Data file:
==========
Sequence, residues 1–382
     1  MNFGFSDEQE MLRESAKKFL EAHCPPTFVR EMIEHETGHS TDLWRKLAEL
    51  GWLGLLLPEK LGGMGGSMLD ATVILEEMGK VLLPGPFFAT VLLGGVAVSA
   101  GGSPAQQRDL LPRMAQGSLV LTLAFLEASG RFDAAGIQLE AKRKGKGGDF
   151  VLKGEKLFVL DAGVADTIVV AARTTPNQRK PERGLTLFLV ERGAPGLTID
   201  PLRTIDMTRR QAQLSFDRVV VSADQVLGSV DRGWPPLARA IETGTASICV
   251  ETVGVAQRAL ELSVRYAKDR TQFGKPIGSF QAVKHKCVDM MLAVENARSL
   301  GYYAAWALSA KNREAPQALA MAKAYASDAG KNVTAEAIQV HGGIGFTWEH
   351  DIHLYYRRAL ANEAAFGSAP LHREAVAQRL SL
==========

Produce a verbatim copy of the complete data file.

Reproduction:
Sequence, residues 1–382
     1  MNFGFSDEQE MLRESAKKFL EAHCPPTFVR EMIEHETGHS TDLWRKLAEL
    51  GWLGLLLPEK LGGMGGSMLD ATVILEEMGK VLLPGPFFAT VLLGGVAVSA
   101  GGSPAQQRDL LPRMAQGSLV LTLAFLEASG RFDAAGIQLE AKRKGKGGDF
   151  VLKGEKLFVL DAGVADTIVV AARTTPNQRK PERGLTLFLV ERGAPGLTID
   201  PLRTIDMTRR QAQLSFDRVV VSADQVLGSV DRGWPPLARA IETGTASICV
   251  ETVGVAQRAL ELSVRYAKDR TQFGKPIGSF QAVKHKCVDM MLAVENARSL
   301  GYYAAWALSA KNREAPQALA MAKAYASDAG KNVTAEAIQV HGGIGFTWEH
   351  DIHLYYRRAL ANEAAFGSAP LHREAVAQRL SL